The Works of Henry Fielding, Esq;: ... concluded

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A. Millar, 1766


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Page 275 - Industry to Wealth; from Wealth to Luxury; from Luxury to an Impatience of Discipline and Corruption of Morals; till by a total Degeneracy and loss of Virtue, being grown ripe for Destruction, it falls a Prey at last to some hardy Oppressor, and, with the Loss of Liberty, losing every Thing else, that is valuable, sinks gradually again into its original Barbarism.
Page 274 - In some counties, perhaps, you may find an overgrown tyrant, who lords it over his neighbours and tenants with despotic sway, and who is as regardless of the law as he is ignorant of it ; but as to the magistrate of a less fortune, and more knowledge, every riotous independent butcher or baker, with two or three thousand pounds in his pocket, laughs at his power, and every pettyfogger makes him tremble.
Page 267 - ... together in one idea. One error, however, is common to them all ; for all...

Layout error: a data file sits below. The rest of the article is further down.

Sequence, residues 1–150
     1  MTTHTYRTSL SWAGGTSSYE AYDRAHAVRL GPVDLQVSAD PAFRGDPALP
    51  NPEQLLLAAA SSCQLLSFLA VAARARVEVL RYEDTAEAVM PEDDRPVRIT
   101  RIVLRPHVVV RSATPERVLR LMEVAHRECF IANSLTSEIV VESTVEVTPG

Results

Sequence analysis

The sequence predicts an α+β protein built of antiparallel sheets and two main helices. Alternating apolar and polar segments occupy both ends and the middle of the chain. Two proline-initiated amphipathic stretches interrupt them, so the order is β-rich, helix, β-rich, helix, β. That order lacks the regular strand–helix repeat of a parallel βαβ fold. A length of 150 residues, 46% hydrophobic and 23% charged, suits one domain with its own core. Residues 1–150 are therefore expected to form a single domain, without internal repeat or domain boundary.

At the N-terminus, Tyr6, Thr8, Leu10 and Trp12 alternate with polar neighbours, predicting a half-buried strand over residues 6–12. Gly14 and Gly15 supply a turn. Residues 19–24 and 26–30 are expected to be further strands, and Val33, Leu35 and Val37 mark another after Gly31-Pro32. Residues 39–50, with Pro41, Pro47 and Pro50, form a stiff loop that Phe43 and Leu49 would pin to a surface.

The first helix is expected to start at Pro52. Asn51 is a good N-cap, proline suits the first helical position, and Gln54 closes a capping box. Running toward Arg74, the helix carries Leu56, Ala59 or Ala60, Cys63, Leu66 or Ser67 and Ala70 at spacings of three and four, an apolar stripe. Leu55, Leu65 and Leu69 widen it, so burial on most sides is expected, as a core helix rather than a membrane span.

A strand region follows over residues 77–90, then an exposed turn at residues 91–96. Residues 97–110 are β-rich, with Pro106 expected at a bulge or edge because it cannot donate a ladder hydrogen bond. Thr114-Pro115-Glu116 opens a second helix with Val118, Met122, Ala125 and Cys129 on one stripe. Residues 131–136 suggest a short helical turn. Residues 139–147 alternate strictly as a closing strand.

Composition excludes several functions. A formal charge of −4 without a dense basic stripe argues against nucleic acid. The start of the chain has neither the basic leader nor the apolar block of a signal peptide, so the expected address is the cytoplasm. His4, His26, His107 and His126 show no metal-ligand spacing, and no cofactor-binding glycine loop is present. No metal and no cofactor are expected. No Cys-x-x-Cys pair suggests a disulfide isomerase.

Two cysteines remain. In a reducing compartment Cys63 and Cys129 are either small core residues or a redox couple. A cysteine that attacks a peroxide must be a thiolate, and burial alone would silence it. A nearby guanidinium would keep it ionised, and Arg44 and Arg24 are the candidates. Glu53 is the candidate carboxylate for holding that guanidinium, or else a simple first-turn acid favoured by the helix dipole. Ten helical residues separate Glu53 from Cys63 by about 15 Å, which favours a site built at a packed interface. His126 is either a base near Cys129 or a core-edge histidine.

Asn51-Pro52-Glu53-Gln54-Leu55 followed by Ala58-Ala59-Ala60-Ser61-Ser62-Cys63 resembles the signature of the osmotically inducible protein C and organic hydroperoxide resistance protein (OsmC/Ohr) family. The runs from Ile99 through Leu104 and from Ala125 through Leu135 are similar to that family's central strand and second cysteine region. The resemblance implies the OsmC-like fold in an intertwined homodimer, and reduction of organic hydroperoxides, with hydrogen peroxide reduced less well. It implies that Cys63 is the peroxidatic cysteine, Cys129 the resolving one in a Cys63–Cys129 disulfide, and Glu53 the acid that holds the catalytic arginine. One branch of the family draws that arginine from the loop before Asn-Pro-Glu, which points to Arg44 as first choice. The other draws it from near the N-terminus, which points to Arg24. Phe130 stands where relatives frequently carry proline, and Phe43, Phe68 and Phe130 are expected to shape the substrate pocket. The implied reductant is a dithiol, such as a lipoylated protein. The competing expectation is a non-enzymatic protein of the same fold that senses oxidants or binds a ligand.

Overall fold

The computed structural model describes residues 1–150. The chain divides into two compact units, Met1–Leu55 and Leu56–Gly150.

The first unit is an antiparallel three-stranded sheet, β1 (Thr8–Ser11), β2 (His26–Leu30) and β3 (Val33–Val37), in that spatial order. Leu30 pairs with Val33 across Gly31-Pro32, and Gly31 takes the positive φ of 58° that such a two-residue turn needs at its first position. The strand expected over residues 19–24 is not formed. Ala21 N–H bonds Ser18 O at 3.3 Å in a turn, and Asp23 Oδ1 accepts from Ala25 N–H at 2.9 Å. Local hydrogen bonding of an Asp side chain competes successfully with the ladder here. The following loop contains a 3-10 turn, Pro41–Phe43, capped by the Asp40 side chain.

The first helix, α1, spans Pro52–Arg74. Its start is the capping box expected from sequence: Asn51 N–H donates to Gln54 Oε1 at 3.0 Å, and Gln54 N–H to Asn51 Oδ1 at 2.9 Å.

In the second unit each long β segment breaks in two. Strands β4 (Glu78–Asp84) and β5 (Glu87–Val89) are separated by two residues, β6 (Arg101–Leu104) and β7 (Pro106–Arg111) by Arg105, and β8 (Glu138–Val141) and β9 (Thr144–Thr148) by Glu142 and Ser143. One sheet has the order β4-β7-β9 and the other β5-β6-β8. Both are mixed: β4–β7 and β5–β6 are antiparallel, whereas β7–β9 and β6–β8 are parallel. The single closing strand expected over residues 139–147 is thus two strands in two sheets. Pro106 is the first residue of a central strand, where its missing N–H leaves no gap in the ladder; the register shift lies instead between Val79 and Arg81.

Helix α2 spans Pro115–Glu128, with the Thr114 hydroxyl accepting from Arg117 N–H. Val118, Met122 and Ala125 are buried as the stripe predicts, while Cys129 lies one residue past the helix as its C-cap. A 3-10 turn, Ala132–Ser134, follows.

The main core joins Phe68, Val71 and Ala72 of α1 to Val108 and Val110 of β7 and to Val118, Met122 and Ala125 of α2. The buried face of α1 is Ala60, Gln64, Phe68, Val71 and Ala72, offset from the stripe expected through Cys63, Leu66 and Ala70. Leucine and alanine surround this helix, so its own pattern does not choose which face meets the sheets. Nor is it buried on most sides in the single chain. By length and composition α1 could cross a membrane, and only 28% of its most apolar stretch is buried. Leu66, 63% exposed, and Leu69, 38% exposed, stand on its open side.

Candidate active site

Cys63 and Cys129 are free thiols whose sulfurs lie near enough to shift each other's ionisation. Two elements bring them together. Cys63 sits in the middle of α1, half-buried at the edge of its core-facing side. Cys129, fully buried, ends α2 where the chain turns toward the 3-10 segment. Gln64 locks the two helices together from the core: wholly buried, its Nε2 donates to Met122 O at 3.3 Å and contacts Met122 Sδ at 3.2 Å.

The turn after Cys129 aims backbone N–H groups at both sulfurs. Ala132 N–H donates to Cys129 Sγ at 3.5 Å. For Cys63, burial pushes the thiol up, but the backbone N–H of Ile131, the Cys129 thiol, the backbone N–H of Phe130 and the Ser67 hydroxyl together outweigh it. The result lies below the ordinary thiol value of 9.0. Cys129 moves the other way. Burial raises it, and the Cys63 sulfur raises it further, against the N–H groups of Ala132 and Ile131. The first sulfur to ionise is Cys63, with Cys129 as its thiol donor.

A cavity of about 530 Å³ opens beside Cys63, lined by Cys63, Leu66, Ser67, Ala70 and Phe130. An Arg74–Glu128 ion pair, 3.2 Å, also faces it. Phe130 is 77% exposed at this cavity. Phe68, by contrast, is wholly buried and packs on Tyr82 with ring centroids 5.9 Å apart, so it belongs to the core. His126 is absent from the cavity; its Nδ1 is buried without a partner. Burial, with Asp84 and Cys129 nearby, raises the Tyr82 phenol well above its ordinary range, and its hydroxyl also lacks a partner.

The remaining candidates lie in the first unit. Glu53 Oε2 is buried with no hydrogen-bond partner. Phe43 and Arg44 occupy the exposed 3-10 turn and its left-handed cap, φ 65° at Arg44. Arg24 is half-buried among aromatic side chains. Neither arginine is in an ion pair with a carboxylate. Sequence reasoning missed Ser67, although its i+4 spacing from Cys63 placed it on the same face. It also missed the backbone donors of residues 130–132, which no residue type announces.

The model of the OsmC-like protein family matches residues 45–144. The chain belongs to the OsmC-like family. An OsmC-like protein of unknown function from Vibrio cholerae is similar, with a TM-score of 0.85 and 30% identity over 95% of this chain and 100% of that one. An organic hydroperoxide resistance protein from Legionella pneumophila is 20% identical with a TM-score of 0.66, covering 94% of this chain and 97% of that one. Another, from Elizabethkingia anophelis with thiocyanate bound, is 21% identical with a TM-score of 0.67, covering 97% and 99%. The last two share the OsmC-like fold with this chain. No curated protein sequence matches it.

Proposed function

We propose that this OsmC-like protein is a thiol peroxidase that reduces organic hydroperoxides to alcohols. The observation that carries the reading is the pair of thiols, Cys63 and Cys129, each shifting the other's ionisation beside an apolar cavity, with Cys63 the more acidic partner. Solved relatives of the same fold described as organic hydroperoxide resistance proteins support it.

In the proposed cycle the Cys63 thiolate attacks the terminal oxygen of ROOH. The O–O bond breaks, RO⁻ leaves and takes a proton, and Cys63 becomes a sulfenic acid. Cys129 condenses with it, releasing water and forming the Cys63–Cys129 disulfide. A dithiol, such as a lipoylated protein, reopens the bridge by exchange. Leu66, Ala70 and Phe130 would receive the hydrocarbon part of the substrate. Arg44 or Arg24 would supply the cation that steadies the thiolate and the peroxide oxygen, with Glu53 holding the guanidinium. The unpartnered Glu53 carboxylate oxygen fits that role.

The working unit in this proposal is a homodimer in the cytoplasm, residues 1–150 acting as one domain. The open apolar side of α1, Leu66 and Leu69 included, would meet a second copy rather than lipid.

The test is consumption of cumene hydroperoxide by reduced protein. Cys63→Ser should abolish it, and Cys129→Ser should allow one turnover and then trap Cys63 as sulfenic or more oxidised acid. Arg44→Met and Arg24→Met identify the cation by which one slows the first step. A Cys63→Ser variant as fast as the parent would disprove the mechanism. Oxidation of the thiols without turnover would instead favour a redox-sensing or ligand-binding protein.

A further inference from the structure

Page 358 - Officers of justice have owned to me, that they have passed by such with warrants in their pockets against them without daring to apprehend them; and, indeed, they could not be blamed for not exposing themselves to sure destruction; for it is a melancholy truth, that, at this very day, a rogue no sooner gives the alarm, within certain purlieus, than twenty or thirty armed villains are found ready to come to his assistance.
Page 299 - Estatute heretofore made, or any unlawful new Game now invented or made, or any other new unlawful Game hereafter to be invented, found, had or made...
Page 272 - ... great measure subverted the former state of affairs, and hath almost totally changed the manners, customs, and habits of the people, more especially of the lower sort. The narrowness of their fortune is changed into wealth ; the simplicity of their manners into craft ; their frugality into luxury ; their humility into pride, and their subjection into equality.

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